Geomechanical Characteristics of Hydrate-bearing Sands

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This thesis presents an experimental study on the geomechanical characteristics of lab-synthesized methane hydrate bearing sand. Sand was tested in four different states, namely, base sand (BS), frozen sand (FS), gas-saturated hydrate bearing sand (HS), and water-saturated hydrate bearing sand (WHS). Test specimens were evaluated for permeability, stiffness and triaxial strength. It was found that hydrate formation caused a reduction in permeability and a large increase in stiffness of sand. Triaxial test results indicate that both hydrate and ice increased the strength of sand and induced strain-softening behavior. However, HS showed higher peak strength than FS and exhibited different deformation characteristics. Stiffness and triaxial strength of WHS were lower than HS possibly due to marginal hydrate dissociation leading to a potential loss of cementation during water-saturation. The existence of inter-granular cementation in WHS was validated by analysis of experimental data using stress-dilatancy relationship for cohesive soils.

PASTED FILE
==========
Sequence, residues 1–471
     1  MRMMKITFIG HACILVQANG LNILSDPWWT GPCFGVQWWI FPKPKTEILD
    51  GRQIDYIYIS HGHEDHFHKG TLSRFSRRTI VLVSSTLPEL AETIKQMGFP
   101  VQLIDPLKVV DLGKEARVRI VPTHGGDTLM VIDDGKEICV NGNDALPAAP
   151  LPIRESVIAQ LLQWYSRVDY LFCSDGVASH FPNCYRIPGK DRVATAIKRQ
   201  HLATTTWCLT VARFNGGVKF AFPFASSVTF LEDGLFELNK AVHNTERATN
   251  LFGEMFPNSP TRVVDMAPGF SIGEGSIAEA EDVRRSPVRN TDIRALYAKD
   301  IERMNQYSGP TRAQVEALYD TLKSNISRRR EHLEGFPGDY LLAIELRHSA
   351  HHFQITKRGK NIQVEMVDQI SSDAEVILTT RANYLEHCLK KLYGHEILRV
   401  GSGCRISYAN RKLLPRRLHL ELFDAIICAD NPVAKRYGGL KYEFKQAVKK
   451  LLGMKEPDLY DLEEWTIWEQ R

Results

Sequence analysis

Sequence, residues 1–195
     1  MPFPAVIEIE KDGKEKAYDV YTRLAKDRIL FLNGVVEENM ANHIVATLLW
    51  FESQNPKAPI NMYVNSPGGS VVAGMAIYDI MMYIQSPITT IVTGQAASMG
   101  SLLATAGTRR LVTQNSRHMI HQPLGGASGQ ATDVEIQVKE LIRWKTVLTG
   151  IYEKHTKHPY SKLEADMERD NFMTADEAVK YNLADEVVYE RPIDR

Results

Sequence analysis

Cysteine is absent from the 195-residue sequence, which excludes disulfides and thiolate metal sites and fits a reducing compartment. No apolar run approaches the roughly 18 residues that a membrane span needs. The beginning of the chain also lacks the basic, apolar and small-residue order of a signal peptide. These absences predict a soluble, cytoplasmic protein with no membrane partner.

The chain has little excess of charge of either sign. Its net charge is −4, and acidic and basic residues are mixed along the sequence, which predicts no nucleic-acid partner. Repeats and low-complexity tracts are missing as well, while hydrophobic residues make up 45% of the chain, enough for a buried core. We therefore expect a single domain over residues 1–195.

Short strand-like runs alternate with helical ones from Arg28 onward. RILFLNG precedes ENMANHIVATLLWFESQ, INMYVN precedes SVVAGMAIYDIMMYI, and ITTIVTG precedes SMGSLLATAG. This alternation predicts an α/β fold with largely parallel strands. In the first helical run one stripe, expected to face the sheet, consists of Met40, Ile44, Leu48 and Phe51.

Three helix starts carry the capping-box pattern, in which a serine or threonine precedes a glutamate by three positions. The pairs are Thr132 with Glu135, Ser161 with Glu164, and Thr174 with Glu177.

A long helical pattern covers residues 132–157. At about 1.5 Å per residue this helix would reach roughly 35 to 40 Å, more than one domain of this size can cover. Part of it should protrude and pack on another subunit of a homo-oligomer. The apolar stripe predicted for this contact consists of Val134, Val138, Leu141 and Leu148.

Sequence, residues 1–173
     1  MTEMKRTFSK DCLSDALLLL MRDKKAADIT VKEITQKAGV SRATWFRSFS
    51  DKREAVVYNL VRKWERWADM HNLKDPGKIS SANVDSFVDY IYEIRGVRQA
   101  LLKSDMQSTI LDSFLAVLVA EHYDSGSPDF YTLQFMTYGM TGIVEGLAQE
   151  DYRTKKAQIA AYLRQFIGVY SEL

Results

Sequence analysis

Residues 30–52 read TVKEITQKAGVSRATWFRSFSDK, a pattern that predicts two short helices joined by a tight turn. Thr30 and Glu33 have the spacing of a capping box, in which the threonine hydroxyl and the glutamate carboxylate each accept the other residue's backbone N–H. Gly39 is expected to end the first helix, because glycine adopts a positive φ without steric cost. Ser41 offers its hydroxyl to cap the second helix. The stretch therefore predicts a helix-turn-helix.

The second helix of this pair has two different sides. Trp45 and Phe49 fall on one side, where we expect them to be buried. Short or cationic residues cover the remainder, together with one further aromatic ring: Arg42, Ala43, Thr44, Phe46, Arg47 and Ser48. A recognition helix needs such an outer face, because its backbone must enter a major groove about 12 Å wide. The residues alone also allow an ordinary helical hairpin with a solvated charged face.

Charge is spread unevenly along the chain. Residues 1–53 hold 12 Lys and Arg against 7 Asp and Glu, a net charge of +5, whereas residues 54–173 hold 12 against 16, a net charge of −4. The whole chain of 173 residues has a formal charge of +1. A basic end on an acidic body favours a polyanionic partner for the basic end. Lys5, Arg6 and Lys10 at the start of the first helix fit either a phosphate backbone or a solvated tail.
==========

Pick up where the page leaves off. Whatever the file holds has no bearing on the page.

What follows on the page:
Gas hydrates, Geotechnical engineering, Triaxial testing, Resonant column testing, Hydrate bearing sand, Hydrate bearing soils, Permeability of hydrates, Cemented hydrates, Cemented sands
Abbas, M. (2018). Geomechanical Characteristics of Hydrate-bearing Sands (Master's thesis, University of Calgary, Calgary, Canada). Retrieved from doi:10.11575/PRISM/33168